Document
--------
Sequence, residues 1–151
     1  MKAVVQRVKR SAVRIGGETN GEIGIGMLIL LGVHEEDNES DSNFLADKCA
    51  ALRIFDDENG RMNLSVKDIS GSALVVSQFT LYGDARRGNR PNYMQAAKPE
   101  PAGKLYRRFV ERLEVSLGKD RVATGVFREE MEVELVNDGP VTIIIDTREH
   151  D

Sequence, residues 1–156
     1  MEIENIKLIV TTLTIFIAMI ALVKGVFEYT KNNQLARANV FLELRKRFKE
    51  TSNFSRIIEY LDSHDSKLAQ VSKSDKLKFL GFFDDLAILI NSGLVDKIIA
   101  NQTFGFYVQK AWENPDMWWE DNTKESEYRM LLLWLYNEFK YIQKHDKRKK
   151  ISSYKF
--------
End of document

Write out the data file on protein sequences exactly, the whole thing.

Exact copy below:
Sequence, residues 1–151
     1  MKAVVQRVKR SAVRIGGETN GEIGIGMLIL LGVHEEDNES DSNFLADKCA
    51  ALRIFDDENG RMNLSVKDIS GSALVVSQFT LYGDARRGNR PNYMQAAKPE
   101  PAGKLYRRFV ERLEVSLGKD RVATGVFREE MEVELVNDGP VTIIIDTREH
   151  D

Sequence, residues 1–156
     1  MEIENIKLIV TTLTIFIAMI ALVKGVFEYT KNNQLARANV FLELRKRFKE
    51  TSNFSRIIEY LDSHDSKLAQ VSKSDKLKFL GFFDDLAILI NSGLVDKIIA
   101  NQTFGFYVQK AWENPDMWWE DNTKESEYRM LLLWLYNEFK YIQKHDKRKK
   151  ISSYKF